Born of a tuberculine mother and an alcholic father, Campbell had a troubled and often wild youth. Then he discovered judo, which transformed his life. Although a crippling injury in the medal round of the 1964 Olympics ended his
spectacular career, the sport gave him the confidence and discipline that have contributed
to his success as a jeweler and breeder of quarterhorses.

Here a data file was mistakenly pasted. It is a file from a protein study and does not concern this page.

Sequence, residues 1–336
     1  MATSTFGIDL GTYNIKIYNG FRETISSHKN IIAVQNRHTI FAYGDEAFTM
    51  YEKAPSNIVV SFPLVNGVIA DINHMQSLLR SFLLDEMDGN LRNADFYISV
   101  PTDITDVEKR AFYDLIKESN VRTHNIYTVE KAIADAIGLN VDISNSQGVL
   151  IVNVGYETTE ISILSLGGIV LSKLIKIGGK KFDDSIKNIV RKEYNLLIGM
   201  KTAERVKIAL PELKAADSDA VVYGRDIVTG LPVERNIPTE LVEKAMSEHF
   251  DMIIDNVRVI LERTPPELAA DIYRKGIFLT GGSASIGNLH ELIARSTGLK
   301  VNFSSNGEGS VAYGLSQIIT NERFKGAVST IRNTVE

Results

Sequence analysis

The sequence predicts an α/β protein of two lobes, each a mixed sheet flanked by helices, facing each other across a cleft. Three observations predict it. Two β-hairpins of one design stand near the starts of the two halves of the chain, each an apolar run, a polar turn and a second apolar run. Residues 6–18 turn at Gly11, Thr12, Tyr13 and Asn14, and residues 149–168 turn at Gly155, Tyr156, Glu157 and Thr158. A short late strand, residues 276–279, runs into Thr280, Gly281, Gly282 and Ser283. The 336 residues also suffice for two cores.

Campbell's political career began when he won a seat on the Colorado state legislature; later he was elected to the U.S. House of Representatives, where he became a crusader for Native American rights. Always colorful and sometimes controversial, he led
the successful effort to rename the Custer battlefield in honor of the American indians who fought there-including his own Cheyenne ancestor, Blackhorse. In 1992, Colorado elected Campbell to the U.S. Senate, making him the first Native American in more than 6O
years to serve in that chamber of Congress.